While the Dodgers' acquisition of a top starting pitcher before the trading deadline remains woefully uncertain, one thing has become wonderfully clear.
They just got their ace.
Vin Scully, thought to be retiring this winter after 60 seasons, said this week he is planning on coming back for one more summer.
Scully, 81, said if he continues to feel well he will work past his landmark year and retire after the 2010 season.
"God willing, I will probably come back for one more year," Scully said in a phone interview. "At this moment, my health is excellent, and I'm leaning toward one more year."
And then retire?
"Yes, that makes sense," he said.
That makes sense? That makes magic.
We now have 15 months to hang on to every syllable, cherish every story, embrace his hellos as we prepare to say goodbye.
"Hi everybody, and a very pleasant evening to you, wherever you may be."
OK, Dodgers, the microphone is now yours.
You've got 15 months to plan a way to properly honor the most beloved employee in franchise history.
More enduring than any player, more impactive than any manager, more intertwined with this city than the color blue, Scully is not only the voice of the team, but its soul.
How the McCourts handle this will say much about not only their credibility as Dodgers owners, but their place among Los Angeles citizens.
Scully's goodbye tour next year will be so fraught with emotion, well, last week people were crying just at the thought of him leaving in October.
Did you see the unveiling of the new Dodger Stadium video that played between innings during the night of Manny Ramirez's Bobblebomb?
It featured Scully's favorite song, "It Had To Be You," sung by Betty Hutton, accompanied by clips from his long career, from the early years as a redhead to his later years as, well, a redhead.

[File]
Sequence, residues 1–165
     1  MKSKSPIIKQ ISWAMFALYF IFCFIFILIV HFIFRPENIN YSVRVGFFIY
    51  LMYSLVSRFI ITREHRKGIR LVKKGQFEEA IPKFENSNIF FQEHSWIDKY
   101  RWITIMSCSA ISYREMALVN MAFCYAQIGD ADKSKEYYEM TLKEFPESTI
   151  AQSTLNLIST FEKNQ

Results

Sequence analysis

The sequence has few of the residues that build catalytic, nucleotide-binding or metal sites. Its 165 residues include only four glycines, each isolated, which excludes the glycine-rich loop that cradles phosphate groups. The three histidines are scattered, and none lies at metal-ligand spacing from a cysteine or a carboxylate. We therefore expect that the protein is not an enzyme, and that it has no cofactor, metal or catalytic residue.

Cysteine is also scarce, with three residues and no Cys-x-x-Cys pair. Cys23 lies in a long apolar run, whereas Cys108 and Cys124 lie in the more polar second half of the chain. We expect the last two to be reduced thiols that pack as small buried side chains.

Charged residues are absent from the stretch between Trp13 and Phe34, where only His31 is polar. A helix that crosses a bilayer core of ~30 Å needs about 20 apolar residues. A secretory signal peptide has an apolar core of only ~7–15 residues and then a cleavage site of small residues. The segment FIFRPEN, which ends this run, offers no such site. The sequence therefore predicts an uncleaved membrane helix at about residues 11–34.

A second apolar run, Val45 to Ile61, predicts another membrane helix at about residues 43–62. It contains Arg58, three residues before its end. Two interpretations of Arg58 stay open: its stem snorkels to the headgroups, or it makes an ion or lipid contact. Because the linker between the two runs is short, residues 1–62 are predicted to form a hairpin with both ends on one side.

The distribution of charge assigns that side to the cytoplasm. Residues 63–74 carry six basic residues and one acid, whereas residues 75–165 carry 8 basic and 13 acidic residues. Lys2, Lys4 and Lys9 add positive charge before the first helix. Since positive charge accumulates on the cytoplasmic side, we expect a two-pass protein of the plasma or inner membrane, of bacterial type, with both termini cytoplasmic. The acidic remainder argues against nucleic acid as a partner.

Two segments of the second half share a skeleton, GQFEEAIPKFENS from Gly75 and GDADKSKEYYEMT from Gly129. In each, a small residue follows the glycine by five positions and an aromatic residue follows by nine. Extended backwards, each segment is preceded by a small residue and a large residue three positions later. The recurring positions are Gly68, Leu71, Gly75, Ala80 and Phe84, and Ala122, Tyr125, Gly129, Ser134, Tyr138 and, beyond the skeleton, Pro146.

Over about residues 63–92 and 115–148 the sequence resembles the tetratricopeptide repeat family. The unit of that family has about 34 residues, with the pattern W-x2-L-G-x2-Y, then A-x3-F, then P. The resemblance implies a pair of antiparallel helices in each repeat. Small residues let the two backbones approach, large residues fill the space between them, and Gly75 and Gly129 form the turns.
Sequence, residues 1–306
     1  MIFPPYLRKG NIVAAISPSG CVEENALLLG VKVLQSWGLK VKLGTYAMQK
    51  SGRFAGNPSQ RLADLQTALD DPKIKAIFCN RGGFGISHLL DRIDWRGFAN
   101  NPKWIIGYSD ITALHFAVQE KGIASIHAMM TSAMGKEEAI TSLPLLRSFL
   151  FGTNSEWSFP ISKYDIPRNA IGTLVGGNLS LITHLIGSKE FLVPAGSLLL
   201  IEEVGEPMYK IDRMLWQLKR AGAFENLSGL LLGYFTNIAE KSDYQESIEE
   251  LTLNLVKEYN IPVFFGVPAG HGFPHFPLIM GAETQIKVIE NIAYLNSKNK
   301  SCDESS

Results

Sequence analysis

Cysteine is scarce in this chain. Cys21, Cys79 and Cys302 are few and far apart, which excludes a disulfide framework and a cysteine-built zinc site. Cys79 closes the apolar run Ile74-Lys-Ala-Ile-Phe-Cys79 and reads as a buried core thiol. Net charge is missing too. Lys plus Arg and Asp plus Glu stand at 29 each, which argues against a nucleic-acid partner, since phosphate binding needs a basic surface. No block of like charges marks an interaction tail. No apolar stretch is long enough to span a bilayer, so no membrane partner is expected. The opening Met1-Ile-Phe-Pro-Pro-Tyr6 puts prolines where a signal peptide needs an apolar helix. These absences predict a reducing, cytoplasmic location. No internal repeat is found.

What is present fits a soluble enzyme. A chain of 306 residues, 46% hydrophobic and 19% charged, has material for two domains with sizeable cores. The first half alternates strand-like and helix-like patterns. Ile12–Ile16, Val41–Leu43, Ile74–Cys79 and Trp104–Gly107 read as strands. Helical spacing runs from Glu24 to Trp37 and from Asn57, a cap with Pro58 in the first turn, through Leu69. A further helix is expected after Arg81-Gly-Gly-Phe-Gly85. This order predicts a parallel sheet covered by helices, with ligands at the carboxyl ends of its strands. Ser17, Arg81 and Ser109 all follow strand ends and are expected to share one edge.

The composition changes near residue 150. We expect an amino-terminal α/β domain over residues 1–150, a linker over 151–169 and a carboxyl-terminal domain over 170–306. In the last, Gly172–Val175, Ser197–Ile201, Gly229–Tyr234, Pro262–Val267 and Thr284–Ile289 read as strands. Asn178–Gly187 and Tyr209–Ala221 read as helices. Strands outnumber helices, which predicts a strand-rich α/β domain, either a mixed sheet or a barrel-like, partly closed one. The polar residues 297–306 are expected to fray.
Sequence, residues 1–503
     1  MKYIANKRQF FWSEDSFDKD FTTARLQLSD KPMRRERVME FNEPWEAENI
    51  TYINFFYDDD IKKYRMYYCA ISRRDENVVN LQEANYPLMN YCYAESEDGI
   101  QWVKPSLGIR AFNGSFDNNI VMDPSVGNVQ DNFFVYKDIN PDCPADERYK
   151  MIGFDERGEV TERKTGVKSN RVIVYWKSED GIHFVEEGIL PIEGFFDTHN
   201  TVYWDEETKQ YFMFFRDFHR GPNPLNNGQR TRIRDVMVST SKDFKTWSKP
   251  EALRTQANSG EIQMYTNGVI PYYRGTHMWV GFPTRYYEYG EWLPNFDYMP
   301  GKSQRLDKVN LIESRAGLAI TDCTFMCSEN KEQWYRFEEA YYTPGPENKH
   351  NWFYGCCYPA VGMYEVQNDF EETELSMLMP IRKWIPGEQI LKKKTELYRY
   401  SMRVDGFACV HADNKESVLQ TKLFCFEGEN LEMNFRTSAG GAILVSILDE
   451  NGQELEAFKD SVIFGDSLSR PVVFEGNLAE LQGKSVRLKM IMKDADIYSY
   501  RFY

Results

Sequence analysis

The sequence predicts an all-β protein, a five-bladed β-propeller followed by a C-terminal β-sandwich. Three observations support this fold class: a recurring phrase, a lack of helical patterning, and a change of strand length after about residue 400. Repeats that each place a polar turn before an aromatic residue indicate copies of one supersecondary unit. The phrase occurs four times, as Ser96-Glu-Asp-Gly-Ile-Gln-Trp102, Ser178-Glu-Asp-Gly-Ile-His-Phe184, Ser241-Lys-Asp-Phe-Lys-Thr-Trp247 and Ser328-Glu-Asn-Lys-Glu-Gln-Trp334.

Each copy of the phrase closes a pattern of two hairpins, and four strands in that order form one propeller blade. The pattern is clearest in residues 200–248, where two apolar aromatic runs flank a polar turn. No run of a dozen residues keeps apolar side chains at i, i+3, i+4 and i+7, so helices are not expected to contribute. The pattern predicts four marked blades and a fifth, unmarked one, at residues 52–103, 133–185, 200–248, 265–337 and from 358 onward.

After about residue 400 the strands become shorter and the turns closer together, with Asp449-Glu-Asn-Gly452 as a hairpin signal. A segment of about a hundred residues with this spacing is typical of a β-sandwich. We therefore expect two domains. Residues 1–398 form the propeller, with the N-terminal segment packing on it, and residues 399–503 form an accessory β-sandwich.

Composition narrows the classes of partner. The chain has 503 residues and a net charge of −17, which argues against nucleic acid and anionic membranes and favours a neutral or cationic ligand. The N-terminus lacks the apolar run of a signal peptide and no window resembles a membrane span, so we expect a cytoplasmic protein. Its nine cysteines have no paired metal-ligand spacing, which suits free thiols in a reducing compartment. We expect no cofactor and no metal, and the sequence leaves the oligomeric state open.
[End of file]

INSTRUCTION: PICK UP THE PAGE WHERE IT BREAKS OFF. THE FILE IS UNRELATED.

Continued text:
By the end of it, many in the stands were in tears. Up in the booth, Scully was in shock.
"I had no idea they were doing anything, I was writing in my scorebook when I thought, 'My, that's a nice song,' " Scully said. "Then I looked up and saw the scoreboard and thought, 'Oh, goodness.' "
After the song ended and the scoreboard showed him sitting there stunned, the place erupted in the first of what will be 15 months worth of farewell standing ovations. "I was kind of overwhelmed," Scully said.
As always, Scully stood up and applauded back. Then, as always, he summoned a Dodgers official with a question.
"You're not going to play that thing every night, are you?" he asked.
Scully was told that it would be played infrequently, in keeping with his consistent wishes to remain simply a voice.
This was the Dodgers' first attempt at a farewell, and it was a good one, but now it's time to get serious.
If they could build a Mannywood in a couple of weeks, surely they can use the next few months to figure out a way to permanently honor Scully in a way that no Dodger has been honored before.
There was talk about making him a centerpiece of the proposed stadium park, but that idea is several years from the shovel, and Scully deserves the attention now while he and his city can enjoy it.
"Honestly, I have never given that a thought, and I never will," Scully said. "I'm embarrassed to even think about it."
Well, I'm not, and here's my plan.
Turn this Dodgers monument into a statue. Sculpt Scully sitting in a booth, with a microphone and headsets and his ever-present scorebook.
Fill the desk with dozens of ports where fans can plug in headphones and listen to tapes of Scully's calls. What greater tribute than having Dodgers fans gathered at his feet as one, listening to his voice forever?
Place the sculpture just beyond the Dodger Stadium center-field fence, in the area currently populated by autograph booths and fans chasing batting practice fly balls. Lay down some grass like they do at Yankee Stadium for the center-field Monument Park. Call it Scullyville.
Because there is no main Dodger Stadium walking entrance, this is the best spot to be reached by the most people. You don't need a ticket to come here, you just need to pay for parking. With all sorts of fans hanging out before every game talking baseball, it feels like Chavez Ravine's front porch, which would make it the perfect spot for the Dodgers' storyteller.
Los Angeles would love it. Scully might not love it so much, but nobody understands Dodgers history better than he, and thus he would relent.
"We are going to honor Vin, but we want to make sure we do so in sync with his wishes," said Charles Steinberg, club vice president. "Everyone would love to say thank you to him, over and over, but we want to make sure we do it arm in arm with him when the time comes."
Scully's time is 15 months. The Dodgers' time is now.